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I'm learning a bit more about hadoop and its applications, and I understand it is geared toward massive datasets and large files. Let's say I had an application in which I was processing a relatively small number of files (say 100k), which isn't a huge number for something like hadoop/hdfs. However, it does take a macro amount of time to run on a single machine, so I'd like to distribute the process.

The problem can be broken down into a map reduce style problem (e.g. each of the files can be processed independently and then I can aggregate the results). I'm open to using infrastructure such as Amazon EC2, but I'm not so sure about what technologies to be exploring for actually aggregating the results of the process. Seems like hadoop might be a bit overkill here.

Can anyone provide guidance on this type of problem?

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I'm not sure I understand. Hadoop's reduce phase is meant exactly to aggregate the results of the computation. – Tudor Jan 21 '12 at 20:30
Right, but isn't using hdfs, where a file size should be larger a little overkill when I have a bunch of small files (and I know there are techniques for aggregating those files though, and in my case, the files are distinct files, such as images). I guess if hdfs isn't appropriate I could always use something like s3? – Jeff Storey Jan 21 '12 at 20:41
You're right, HDFS was not meant for a large amount of small files and the performance is very poor, I can tell you this from my own experiments with a university "cluster". Fortunately my files were text files, so merging them into a single large file was possible and it improved the performance by 60x I think. :) – Tudor Jan 21 '12 at 20:55
So I'm not sure if aggregating the files into larger files is the right approach here, or if there might be alternative frameworks that would be more suitable. – Jeff Storey Jan 21 '12 at 20:56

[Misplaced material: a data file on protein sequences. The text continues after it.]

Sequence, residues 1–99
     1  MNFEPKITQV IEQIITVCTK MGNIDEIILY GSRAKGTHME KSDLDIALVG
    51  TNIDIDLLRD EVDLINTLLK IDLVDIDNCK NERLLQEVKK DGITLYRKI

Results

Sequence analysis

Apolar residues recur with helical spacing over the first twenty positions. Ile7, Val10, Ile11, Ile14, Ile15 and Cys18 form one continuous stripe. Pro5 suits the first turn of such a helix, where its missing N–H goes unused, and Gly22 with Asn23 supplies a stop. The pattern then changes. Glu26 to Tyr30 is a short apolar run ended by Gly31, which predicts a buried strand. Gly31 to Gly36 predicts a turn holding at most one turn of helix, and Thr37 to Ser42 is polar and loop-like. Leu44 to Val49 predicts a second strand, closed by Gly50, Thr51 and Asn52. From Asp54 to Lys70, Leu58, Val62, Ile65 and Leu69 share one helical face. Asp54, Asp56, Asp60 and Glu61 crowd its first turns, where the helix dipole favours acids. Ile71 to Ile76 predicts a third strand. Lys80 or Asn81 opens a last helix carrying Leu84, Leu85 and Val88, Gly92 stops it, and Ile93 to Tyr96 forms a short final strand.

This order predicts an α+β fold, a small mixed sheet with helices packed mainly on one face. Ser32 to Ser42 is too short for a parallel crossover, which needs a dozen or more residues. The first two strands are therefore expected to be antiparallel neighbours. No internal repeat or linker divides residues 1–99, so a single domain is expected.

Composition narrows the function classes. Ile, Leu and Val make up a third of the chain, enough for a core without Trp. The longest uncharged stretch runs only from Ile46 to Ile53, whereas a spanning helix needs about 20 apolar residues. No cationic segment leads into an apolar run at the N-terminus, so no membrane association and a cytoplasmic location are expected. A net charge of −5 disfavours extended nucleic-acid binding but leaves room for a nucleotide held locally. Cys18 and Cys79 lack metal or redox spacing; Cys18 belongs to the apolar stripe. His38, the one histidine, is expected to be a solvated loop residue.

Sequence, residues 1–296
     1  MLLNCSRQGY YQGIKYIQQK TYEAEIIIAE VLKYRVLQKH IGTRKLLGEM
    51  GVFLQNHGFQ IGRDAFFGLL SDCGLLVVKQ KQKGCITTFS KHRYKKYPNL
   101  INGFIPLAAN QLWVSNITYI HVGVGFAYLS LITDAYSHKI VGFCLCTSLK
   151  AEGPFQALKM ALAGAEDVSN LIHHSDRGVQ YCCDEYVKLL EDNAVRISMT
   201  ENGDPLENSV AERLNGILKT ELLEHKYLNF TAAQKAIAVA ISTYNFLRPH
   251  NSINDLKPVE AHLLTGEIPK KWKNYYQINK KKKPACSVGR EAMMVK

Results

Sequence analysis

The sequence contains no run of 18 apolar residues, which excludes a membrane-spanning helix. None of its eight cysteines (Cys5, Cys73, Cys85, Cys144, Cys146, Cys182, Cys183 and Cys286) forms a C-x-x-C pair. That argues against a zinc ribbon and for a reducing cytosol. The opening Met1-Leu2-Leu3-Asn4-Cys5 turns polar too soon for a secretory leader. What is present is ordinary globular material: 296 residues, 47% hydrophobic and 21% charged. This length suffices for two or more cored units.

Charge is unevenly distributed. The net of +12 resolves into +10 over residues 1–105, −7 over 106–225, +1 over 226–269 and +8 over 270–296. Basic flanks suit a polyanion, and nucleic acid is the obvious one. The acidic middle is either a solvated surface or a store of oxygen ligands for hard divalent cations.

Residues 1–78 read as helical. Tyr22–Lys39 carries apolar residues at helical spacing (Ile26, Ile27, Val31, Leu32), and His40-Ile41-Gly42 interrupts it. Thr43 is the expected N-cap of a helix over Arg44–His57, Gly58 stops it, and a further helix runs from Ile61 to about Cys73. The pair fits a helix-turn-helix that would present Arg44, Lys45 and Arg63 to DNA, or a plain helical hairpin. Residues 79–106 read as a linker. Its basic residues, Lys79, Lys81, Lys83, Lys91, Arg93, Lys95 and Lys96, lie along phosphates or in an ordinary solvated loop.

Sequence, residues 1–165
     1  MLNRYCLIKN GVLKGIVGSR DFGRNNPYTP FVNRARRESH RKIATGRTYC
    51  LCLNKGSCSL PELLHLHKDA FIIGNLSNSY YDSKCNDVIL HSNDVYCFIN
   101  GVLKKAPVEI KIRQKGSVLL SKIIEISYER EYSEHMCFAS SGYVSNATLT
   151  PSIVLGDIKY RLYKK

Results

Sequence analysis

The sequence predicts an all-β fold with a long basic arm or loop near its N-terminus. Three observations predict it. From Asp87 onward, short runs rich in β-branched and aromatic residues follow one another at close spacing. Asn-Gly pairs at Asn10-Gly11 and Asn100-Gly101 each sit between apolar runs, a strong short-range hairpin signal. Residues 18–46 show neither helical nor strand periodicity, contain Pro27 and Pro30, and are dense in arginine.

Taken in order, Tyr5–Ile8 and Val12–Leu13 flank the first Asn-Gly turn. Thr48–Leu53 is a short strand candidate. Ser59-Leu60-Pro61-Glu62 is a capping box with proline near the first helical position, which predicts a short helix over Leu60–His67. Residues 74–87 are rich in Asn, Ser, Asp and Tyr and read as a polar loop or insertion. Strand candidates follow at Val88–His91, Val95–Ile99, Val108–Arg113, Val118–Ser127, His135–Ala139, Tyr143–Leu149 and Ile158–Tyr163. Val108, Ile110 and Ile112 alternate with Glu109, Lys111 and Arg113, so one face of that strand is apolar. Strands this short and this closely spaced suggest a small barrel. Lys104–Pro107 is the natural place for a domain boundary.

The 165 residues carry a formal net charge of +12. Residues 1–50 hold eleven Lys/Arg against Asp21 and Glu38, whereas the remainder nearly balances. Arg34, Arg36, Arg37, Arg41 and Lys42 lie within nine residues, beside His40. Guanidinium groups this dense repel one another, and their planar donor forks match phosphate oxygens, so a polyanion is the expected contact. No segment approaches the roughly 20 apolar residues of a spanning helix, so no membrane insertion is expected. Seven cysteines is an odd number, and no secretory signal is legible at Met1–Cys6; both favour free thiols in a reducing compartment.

The problem is that this limitation is tightly linked with the fact that hard disks are mechanical and so the head needs to seek the next read location every time you jump to a new file and this operation is expensive. This is why reading a single file sequentially is much faster. – Tudor Jan 21 '12 at 20:58
up vote 1 down vote accepted

First off, you may want to reconsider your assumption that you can't combine files. Even images can be combined- you just need to figure out how to do that in a way that allows you to break them out again in your mappers. Combining them with some sort of sentinel value or magic number between them might make it possible to turn them into one giant file.

Other options include HBase, where you could store the images in cells. HBase also has a built-in TableMapper and TableReducer, and can store the results of your processing alongside the raw data in a semi-structured way.

EDIT: As for the "is Hadoop overkill" question, you need to consider the following:

  1. Hadoop adds at least one machine of overhead (the HDFS NameNode). You typically dont want to store data or run jobs on that machine, since it is a SPOF.

  2. Hadoop is best suited for processing data in batch, with relatively high latency. As @Raihan mentions, there are several other FOSS distributed compute architectures that may server your needs better if you need realtime or low-latency results.

  3. 100k files isn't so very few. Even if they are 100k each, that's 10GB of data.

  4. Other than the above, Hadoop is a relatively low-overhead way of approaching distributed computing problems. It has a huge, helpful community behind it, so you can get help quickly if you need it. And it is focused on running on cheap hardware and a free OS, so there really isnt any significant overhead.

In short, I'd try it before you discard it for something else.

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what I meant was I couldn't combine them into a single file that could be processed all at once. I could put them into an archive or possibly a hadoop sequence file. I should have been more clear about that. The main issue in the question was more about is hadoop a bit overkill for such a relatively small number of files? – Jeff Storey Jan 23 '12 at 18:54
See edits for more info – Chris Shain Jan 23 '12 at 19:04
Thanks, appreciate the info. – Jeff Storey Jan 23 '12 at 19:42

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